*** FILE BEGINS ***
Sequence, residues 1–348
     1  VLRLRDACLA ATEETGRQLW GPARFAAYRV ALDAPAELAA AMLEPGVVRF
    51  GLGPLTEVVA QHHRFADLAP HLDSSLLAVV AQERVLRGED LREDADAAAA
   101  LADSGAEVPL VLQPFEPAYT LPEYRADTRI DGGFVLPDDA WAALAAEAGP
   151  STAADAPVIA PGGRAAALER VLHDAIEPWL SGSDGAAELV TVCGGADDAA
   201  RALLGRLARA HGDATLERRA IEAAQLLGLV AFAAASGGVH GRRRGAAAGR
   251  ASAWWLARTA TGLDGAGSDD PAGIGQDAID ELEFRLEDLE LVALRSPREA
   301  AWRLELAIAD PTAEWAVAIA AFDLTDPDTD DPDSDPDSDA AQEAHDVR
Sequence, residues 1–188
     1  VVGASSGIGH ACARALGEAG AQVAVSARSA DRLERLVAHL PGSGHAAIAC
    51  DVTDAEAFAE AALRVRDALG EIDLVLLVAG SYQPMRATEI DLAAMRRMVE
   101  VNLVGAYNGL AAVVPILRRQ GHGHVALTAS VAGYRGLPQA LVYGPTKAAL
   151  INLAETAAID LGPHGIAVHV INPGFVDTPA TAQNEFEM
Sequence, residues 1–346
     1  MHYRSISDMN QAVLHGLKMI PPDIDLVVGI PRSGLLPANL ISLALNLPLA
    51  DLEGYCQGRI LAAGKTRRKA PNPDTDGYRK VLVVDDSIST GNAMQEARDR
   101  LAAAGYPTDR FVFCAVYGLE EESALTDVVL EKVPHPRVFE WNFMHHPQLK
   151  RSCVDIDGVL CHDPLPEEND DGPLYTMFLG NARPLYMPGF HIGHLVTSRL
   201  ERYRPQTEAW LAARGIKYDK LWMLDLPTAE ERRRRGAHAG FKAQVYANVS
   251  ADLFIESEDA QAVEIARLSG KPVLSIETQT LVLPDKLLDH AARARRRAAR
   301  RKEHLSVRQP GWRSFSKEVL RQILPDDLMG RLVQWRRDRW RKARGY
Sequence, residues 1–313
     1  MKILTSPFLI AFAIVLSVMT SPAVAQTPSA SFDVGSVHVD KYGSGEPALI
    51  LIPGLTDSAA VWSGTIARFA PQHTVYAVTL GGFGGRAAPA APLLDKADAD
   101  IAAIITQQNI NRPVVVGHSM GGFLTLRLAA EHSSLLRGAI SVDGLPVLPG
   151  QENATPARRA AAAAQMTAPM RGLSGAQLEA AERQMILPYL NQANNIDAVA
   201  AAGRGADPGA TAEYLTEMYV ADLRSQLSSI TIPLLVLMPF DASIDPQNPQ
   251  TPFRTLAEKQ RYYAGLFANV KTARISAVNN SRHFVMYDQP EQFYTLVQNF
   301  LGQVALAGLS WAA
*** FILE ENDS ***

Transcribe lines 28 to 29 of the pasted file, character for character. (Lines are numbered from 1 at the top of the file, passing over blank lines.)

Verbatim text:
   251  TPFRTLAEKQ RYYAGLFANV KTARISAVNN SRHFVMYDQP EQFYTLVQNF
   301  LGQVALAGLS WAA